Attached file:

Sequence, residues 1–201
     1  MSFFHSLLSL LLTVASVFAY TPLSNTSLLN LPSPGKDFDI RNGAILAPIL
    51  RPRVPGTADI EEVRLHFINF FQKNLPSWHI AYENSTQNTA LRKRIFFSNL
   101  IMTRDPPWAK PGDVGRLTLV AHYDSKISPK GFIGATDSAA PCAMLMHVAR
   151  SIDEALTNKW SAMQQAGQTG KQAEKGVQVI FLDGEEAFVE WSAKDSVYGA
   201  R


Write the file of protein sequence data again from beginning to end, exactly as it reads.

Sequence, residues 1–201
     1  MSFFHSLLSL LLTVASVFAY TPLSNTSLLN LPSPGKDFDI RNGAILAPIL
    51  RPRVPGTADI EEVRLHFINF FQKNLPSWHI AYENSTQNTA LRKRIFFSNL
   101  IMTRDPPWAK PGDVGRLTLV AHYDSKISPK GFIGATDSAA PCAMLMHVAR
   151  SIDEALTNKW SAMQQAGQTG KQAEKGVQVI FLDGEEAFVE WSAKDSVYGA
   201  R